Sometimes, my body says “If you won’t stop, I will.” Since the flu hit over the holidays, I re-grouped for the new year.
First, the above statement from Marianne Williamson appears every January 1st on “A Year of Daily Wisdom” calendar that I’ve used since 1998 (thanks, Mom-In-Law!). So, I’m going to unlearn the fear we hear every day and focus on the love that connects us all. Of course, some days will be easier than others…
Next, I found a 7 day Writing Week challenge by ShelleyHitz.com, and decided to start the new year off with new skills.
Before all that, I finished 2015 by opening the creative channels of play. I mean, there is only so much rest a mind can take! In my case, play means making jewelry, which will come in handy for 2016 fundraisers. Let me know if you have one you want me to consider.
My play also led to an overflow of work ideas that you’ll see throughout 2016.
Happy new year!
All content © 2016 by Deborah Collyar unless otherwise specified. All rights reserved. Permission is granted to use short quotes provided a link back to this page and proper attribution is given to me as the original author.
‘Tis the season, folks. Fancy the opportunity to find flu facts while falling onto the sofa. I fear I may have infected a few as I felt the forceful signs form within. Of course, my bout came from fellow flyers during my fortnight of travel. For those flummoxed by my fanciful alliteration, I have an excuse – I’m under the influence of influenza.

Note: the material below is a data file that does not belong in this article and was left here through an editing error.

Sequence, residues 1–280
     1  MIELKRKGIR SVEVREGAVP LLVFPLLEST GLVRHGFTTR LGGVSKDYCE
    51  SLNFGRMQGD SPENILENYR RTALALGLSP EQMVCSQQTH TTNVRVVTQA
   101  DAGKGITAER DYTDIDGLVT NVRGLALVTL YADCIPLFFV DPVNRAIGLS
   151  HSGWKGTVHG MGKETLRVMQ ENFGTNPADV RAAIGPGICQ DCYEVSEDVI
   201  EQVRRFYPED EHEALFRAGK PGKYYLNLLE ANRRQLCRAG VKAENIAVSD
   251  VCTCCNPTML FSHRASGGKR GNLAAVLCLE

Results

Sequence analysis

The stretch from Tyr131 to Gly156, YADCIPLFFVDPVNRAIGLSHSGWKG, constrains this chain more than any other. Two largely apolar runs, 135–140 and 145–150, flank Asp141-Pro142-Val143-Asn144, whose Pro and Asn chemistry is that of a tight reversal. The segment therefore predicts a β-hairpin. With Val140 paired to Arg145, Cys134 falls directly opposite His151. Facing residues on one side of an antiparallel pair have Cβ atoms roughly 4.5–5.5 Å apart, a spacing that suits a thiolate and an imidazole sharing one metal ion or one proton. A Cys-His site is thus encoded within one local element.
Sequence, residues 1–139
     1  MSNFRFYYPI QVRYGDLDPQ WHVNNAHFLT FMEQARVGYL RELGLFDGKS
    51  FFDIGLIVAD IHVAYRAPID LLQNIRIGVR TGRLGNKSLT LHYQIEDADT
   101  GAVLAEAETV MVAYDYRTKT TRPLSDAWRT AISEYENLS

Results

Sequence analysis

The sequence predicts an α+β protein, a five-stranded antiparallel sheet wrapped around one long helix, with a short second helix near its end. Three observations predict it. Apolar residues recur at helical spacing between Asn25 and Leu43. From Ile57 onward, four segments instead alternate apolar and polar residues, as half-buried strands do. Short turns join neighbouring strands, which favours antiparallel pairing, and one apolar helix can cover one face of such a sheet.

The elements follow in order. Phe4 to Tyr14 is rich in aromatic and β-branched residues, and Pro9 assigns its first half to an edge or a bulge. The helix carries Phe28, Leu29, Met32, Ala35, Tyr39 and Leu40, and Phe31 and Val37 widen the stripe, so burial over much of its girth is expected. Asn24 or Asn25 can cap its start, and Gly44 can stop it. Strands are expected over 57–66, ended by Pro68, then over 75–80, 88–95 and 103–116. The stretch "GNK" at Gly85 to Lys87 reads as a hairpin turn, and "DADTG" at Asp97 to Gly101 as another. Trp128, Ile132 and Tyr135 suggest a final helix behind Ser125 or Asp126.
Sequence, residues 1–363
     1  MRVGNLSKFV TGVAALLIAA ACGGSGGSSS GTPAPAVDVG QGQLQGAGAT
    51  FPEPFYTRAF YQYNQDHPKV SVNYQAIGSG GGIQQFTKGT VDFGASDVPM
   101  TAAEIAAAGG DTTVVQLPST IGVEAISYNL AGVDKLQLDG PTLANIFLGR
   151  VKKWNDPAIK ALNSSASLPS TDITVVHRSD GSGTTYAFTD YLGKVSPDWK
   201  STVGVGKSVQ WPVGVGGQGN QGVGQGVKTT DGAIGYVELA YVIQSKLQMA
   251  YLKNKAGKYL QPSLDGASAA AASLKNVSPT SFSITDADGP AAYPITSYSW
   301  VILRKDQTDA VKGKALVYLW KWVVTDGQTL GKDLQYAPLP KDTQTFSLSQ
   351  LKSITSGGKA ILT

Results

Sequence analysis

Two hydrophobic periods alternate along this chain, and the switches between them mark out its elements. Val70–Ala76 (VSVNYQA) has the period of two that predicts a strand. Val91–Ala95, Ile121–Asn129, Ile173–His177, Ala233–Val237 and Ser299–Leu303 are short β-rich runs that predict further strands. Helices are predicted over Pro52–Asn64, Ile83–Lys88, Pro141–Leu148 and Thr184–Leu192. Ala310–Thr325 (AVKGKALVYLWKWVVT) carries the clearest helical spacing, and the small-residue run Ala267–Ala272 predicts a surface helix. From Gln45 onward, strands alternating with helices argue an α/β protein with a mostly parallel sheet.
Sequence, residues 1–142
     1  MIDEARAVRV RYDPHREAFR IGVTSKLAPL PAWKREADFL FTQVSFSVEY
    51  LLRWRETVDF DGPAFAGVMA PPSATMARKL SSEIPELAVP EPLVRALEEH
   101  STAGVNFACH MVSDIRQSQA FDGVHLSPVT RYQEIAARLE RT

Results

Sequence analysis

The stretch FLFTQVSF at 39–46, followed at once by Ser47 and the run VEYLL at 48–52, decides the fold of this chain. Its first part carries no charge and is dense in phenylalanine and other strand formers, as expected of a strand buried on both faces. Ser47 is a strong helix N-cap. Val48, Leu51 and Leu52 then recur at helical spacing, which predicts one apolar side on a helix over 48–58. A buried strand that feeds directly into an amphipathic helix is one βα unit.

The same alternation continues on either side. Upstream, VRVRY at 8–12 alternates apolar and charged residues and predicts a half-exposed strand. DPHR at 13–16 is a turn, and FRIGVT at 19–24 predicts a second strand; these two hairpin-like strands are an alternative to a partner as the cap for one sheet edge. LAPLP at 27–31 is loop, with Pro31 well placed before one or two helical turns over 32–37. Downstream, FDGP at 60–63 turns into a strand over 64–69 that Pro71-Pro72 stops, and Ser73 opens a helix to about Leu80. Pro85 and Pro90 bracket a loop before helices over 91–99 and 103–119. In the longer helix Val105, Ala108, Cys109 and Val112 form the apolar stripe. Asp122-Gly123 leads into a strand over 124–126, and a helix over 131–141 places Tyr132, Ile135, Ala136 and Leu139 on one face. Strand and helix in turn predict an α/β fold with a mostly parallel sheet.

First, some flu facts, according to the US Center for Disease Control and Prevention (CDC):
- Flu cases start in October/November, usually peak in February and can last until May.
- Flu vaccines kick in about 2 weeks after you get them, so now is the time!
- Flu strains (types) differ each year, hence the call for yearly flu vaccines.
- Almost everyone over 6 months old should get a vaccine. That means you, since you can read.
- The flu is caused by a virus, so antibiotics DON’T work!
- People who are at higher risk of flu complications should get antiviral drugs once they have the flu.
- This includes: kids under age 2, adults over age 65, pregnant women, people with some medical conditions, or those who are hospitalized with the flu.
- Check out “What You Should Know About the 2015-2016 Influenza Season.”
Vaccines: To Take or Not To Take
Some people refuse to take the flu vaccine, due to mistaken beliefs, irrational fears, or stubbornness. Suzanne Koven puts it this way in her STAT article:
[Blaming flu vaccines] is “like blaming umbrellas for the rain.”
Suzanne Koven, A doctor’s explanation of why so many patients say no to flu shots
Did I get a flu vaccine this year? No, too busy. Do I wish I had? Yes, so I could get all the things done I’m thinking about while having the flu!
More information about vaccines is listed here. You can stay up to date on Twitter with @CDCFlu. Good information is also available here.
Here’s wishing you a happy, and HEALTHY holiday!
All content © 2015 by Deborah Collyar unless otherwise specified. All rights reserved. Permission is granted to use short quotes provided a link back to this page and proper attribution is given to me as the original author.